Boundaries ensure that the consequences of people’s actions land squarely on them.
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Re: Marriage counseling

Postby momjeans » Thu Dec 06, 2018 7:55 pm

KeeperOfPrecious wrote:Before I could finish reading your post, two things came to my mind. The first is I think it’s outstanding that you are getting the counseling, I am so happy for you. The second was how it will go for your DH. You a answered that in your closing. I hope he has an opened mind and can see that this is for the good of everyone, especially the two of you. You have done what I cannot. My DH refuses to go to therapy or counseling too. He thinks it’s too biased and one sided. This is a big huge step. I’m cheering you on.


Thank you, thank you! I will take all the cheers from the sideline that I can get.

I think there’s a little itty bitty part of DH that does not want to do this. He has definitely inherited, through parental conditioning, that accountability and consequences are bad. The other little part is that I feel DH could be willingly going along for the ride, in hopes that he would benefit from it in way of being able to hand me and the kids over to his parents on a big shiny platter, for a healthy dose of holiday engagement come Christmas. Because it wouldn’t be Christmas if my MIL wasn’t allowed to proverbially crap all over me, in my own home, for her narcissistic jollies.
Boundaries ensure that the consequences of people’s actions land squarely on them.
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Re: Marriage counseling

Postby WatchingMyBack » Fri Dec 07, 2018 3:04 pm

I'm glad you did this for yourself.

Please do post an update to your DH's session. My DH refused to go for anymore sessions after the first because things didn't go his way.
“Make no judgments where you have no compassion.”
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Re: Marriage counseling

Postby WhyOhWhy » Sat Dec 08, 2018 4:06 pm

momjeans wrote:By the end of my appointment, the therapist basically reiterated what I knew all along. It was so nice to hear it mirrored back to me out loud.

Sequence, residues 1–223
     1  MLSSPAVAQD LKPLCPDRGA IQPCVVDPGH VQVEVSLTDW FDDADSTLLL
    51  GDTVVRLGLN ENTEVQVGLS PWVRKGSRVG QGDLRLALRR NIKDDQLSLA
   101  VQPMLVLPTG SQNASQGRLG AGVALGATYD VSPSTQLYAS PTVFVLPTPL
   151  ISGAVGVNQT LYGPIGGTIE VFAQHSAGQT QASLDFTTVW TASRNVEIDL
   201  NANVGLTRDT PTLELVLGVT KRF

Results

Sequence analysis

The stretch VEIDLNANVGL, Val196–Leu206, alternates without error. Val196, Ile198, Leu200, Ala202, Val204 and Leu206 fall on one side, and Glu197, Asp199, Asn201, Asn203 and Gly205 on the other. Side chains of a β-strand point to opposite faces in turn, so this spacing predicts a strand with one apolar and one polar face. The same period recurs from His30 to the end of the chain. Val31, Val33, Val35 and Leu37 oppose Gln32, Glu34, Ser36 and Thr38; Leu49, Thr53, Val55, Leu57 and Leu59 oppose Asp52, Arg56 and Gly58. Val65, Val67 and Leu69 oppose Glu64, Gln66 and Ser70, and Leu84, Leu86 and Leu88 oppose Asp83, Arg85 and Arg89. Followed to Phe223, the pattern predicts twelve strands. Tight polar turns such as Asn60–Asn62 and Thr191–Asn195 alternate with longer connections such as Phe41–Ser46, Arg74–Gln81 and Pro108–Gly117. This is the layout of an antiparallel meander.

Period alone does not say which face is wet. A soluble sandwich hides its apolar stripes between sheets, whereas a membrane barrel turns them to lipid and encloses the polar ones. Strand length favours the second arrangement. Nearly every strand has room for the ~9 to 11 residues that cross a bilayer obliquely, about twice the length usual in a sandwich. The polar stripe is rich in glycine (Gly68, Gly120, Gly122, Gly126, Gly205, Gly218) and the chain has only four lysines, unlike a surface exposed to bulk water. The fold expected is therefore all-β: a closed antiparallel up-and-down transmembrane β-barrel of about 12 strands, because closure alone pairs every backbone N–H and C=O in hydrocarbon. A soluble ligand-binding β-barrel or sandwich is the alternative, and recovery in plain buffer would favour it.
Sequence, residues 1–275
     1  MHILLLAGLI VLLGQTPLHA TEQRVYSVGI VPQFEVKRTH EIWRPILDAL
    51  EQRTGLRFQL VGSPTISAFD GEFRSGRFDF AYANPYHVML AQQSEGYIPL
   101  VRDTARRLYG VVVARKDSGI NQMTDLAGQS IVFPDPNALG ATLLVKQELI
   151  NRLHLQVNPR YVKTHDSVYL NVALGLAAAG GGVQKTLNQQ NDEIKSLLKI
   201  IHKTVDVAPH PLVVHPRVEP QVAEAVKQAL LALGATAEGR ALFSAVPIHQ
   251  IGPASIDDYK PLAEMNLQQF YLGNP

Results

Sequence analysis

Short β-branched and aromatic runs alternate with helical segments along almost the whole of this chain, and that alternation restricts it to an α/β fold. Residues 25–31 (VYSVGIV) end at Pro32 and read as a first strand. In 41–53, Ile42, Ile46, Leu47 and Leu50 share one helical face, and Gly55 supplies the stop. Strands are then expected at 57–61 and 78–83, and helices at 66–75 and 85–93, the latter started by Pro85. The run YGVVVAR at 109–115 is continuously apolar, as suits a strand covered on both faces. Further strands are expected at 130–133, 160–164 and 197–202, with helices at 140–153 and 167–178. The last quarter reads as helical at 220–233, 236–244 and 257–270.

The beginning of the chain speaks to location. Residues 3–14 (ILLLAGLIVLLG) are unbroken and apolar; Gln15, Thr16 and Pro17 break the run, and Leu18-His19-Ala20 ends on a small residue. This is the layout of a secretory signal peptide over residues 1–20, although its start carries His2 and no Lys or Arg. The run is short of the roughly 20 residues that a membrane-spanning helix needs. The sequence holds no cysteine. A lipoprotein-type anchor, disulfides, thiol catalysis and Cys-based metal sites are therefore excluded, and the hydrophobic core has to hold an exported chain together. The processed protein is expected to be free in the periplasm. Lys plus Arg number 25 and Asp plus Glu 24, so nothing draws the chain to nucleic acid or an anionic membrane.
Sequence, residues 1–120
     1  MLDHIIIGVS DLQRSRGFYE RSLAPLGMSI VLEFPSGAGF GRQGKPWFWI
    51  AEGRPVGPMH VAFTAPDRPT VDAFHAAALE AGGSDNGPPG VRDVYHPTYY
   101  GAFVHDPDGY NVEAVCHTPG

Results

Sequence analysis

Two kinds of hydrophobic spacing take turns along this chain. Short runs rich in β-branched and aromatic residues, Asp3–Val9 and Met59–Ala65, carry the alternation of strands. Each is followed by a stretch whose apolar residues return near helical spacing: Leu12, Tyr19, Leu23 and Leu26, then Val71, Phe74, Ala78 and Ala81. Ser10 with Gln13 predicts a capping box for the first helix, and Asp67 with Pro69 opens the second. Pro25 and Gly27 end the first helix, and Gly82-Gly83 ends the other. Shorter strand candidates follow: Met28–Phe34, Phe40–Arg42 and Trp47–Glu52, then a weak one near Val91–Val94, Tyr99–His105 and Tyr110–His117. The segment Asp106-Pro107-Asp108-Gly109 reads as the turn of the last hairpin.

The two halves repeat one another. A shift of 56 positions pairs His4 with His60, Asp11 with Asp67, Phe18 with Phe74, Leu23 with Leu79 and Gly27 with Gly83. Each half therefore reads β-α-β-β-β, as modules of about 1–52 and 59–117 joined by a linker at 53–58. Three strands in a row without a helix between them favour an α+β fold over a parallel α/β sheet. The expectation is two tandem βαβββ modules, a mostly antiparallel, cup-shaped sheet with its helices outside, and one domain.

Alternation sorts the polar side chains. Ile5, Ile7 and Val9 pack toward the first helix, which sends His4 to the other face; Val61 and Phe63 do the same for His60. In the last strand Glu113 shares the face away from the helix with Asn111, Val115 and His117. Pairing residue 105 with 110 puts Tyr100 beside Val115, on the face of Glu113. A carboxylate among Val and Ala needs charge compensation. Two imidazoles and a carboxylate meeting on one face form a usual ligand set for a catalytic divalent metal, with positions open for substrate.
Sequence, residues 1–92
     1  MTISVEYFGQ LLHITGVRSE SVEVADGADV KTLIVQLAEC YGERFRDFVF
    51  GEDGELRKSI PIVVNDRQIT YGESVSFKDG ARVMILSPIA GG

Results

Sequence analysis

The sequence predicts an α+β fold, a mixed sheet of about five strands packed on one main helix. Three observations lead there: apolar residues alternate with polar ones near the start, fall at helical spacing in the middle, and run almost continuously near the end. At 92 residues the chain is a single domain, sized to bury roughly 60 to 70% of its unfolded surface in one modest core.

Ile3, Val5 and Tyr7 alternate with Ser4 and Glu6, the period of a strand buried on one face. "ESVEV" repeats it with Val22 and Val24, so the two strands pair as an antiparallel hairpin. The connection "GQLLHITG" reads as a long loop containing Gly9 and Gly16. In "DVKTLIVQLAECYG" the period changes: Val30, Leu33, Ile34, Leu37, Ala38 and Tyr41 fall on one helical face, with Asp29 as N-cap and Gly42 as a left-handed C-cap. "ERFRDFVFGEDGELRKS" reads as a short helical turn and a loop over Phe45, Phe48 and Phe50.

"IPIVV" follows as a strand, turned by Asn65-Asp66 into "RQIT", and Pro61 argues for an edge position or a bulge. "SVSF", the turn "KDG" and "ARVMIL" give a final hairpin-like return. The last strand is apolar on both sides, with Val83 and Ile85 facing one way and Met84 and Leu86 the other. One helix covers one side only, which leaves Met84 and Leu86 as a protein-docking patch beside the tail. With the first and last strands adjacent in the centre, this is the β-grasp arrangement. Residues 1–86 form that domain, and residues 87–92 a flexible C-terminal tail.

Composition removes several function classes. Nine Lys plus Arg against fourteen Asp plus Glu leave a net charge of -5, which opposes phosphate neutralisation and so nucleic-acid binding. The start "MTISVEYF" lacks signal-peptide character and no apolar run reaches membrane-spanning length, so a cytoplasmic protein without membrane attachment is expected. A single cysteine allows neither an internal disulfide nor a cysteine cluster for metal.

Verbatim she stated that:
- Inlaws are covert narcissists - controlling, manipulative.

- We need to move far away from my husband’s parents. Like, literally put miles and miles and miles between us and them.

- I should inevitably think of a future exit strategy out of my marriage.

- my husband has the tendency to get super reactive and defensive when reality is laid out in front of him regarding his parents. I’m especially looking forward to his reaction to seeing the therapist today, because sadly, it’s not going to go in his favor like I think he thinks it is, and the therapist stated she’s not going to sugarcoat any of this.


I'm really glad you're getting therapy for both of you and so great your therapist is up to date enough to recognize and acknowledge narcissistic behavior (some old school therapists simply don't). I've seen it on here time and again that putting some miles between you and the in-laws is really crucial especially if they do not respect boundaries and if they maliciously work so hard to try to undermine your lives at every turn. Of course you have hope that your husband will finally see the light thanks to a 3rd party but she's right for you to prepare just in case that doesn't happen. I think your husband's reaction to the session is going to give you a big clue as to how this all is likely to go. Please keep us updated so we can continue to help support you through this.
I will not let them drag me down to their level again
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Re: Marriage counseling

Postby VegasVal » Mon Dec 10, 2018 2:17 pm

I am so proud of you and your DH. This is a wonderful step in the right direction.

I hope it goes well and you're able to get peace.

Remember to always looks for the light of the situation. Though the first session looked plenty bright, look for the light through out the journey cause it may get dark at times.

My best to you and your DH!